Will you be ready if a disaster strikes? What about your neighborhood? Who’s responsible for making a plan for your community? While government officials have a city-wide plan, and plenty of advice to share with individuals, there’s not much out there on what disaster planning looks like at the community level.
On Wednesday, March 21 students presented the publication Are You Ready for a Ruckus? This Urban Investigation project looks at how disaster planning works now, and how it could work. The project was a collaboration of CUP, teaching artist Fatima Abdul-Nabi, and students in the College Now program at New Design High School and the Urban Assembly Academy of Government and Law in the Lower East Side.
To find out how NYC prepares for a disaster, the group interviewed city and federal disaster planners, environmental justice organizations, and insurance mavens. They passed through more security checkpoints than president Obama to visit high tech command centers and situation rooms. Together with CUP, they created a visual primer on community preparedness, what it might look like, and why it matters.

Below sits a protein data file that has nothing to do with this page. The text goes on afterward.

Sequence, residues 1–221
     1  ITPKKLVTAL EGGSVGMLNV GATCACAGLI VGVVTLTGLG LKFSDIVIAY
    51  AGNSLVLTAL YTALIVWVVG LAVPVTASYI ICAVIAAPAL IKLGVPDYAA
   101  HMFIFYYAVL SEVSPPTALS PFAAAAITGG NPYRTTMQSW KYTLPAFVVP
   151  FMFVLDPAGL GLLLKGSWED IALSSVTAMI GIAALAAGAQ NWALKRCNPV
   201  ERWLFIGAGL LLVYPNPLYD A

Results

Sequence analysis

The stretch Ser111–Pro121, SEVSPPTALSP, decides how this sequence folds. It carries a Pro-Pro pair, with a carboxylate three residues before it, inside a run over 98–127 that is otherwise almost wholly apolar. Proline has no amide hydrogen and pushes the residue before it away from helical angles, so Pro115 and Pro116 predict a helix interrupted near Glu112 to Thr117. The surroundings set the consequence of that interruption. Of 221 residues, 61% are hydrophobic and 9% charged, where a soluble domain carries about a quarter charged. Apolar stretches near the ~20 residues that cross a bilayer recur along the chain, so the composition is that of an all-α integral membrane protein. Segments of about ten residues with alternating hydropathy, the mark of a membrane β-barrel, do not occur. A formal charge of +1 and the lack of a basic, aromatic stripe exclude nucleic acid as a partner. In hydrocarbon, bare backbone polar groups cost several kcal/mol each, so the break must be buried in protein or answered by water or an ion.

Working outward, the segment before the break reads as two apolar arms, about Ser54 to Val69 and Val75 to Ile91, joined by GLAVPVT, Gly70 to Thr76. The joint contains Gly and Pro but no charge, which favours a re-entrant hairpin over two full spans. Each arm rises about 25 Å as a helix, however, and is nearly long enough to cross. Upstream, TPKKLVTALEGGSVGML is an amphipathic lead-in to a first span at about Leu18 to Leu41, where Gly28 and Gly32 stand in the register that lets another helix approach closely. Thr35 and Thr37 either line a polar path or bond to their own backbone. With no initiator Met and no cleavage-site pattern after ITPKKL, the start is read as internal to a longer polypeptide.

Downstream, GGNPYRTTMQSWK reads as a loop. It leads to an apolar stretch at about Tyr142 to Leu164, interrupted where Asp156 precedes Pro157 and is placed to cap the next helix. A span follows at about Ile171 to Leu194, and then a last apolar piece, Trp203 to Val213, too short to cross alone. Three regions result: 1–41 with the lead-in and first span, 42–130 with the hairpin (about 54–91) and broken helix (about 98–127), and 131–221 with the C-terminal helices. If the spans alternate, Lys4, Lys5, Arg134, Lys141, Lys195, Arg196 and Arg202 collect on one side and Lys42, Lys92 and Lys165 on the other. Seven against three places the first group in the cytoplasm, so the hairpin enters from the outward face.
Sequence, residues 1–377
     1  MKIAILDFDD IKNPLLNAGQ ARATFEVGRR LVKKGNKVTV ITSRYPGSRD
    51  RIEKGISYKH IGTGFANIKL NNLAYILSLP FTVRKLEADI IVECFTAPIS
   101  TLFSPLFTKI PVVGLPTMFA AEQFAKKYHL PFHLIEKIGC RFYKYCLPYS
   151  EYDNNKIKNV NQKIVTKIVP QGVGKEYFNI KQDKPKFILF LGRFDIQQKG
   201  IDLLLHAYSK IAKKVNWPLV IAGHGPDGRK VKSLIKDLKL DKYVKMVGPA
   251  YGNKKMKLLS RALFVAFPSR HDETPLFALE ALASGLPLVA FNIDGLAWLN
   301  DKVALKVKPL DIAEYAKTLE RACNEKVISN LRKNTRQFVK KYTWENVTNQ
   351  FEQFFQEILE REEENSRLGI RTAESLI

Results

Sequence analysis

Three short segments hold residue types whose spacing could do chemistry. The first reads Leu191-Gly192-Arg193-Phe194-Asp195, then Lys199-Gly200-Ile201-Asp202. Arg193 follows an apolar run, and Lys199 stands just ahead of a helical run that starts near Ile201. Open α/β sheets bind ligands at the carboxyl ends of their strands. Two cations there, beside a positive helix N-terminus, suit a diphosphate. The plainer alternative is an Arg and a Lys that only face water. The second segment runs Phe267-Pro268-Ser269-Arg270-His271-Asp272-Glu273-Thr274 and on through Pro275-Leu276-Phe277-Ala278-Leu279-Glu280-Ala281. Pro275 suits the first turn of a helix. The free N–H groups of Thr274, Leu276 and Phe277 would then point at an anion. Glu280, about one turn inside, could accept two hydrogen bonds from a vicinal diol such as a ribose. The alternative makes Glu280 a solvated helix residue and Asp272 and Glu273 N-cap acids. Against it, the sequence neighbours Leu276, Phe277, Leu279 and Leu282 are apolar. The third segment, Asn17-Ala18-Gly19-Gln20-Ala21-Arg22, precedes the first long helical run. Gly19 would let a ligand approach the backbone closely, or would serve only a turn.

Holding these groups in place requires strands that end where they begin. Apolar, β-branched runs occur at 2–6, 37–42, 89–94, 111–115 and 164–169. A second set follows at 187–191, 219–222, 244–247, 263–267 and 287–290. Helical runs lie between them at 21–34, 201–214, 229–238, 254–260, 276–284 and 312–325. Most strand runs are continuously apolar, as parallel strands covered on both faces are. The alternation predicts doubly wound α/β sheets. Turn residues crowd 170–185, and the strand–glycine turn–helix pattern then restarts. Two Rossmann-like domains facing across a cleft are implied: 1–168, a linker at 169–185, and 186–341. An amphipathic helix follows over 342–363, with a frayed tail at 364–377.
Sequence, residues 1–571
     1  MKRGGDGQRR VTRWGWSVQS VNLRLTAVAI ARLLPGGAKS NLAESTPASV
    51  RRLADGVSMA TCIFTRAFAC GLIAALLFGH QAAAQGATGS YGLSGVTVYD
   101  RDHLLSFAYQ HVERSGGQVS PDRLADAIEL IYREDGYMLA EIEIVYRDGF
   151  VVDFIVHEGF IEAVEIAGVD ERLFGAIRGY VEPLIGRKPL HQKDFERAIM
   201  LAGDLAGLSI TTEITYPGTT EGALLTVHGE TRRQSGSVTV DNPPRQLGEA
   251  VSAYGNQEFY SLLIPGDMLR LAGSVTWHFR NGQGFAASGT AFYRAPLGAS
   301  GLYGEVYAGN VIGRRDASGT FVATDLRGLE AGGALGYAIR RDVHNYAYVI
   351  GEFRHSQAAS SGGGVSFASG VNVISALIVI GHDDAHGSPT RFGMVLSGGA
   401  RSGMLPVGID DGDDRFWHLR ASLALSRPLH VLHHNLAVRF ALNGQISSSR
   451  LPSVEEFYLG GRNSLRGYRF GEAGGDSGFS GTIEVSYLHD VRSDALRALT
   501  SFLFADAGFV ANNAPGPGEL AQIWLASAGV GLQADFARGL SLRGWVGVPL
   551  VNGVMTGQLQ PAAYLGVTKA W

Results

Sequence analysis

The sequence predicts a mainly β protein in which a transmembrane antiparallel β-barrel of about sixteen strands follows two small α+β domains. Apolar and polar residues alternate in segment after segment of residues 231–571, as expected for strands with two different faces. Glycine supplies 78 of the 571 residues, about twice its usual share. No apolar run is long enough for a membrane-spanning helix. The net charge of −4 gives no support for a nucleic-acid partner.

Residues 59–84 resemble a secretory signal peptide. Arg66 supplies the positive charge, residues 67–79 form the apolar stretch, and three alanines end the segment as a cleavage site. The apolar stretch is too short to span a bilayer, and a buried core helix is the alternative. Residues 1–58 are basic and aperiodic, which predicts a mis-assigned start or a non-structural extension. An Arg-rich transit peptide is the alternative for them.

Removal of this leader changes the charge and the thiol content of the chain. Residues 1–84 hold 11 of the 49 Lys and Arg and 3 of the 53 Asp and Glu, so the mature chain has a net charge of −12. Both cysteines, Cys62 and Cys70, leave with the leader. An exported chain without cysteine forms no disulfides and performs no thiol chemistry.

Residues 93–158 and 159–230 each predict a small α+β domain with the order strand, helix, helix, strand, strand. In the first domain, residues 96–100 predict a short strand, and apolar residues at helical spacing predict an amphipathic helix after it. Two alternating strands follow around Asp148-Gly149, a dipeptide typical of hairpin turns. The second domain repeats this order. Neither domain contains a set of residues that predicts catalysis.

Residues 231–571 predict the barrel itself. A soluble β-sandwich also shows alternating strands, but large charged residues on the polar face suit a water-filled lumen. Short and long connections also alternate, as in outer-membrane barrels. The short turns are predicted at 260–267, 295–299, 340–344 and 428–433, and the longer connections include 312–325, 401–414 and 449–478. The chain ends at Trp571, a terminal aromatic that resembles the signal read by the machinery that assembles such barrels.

At the event guests got the low-down on disaster planning and met the crew for a presentation of their hot-off-the-presses booklet. They also got to catch a glimpse of the American Red Cross's 24/7 Emergency Communications Center.
“Are You Ready for a Ruckus” was made possible by the CUNY College Now program. Additional support was provided by public funds from the National Endowment for the Arts and the New York City Department of Cultural Affairs in partnership with the City Council; the Bay and Paul Foundations; and the Henry Luce Foundation. Presentation venue generously provided by the Red Cross in Greater New York.
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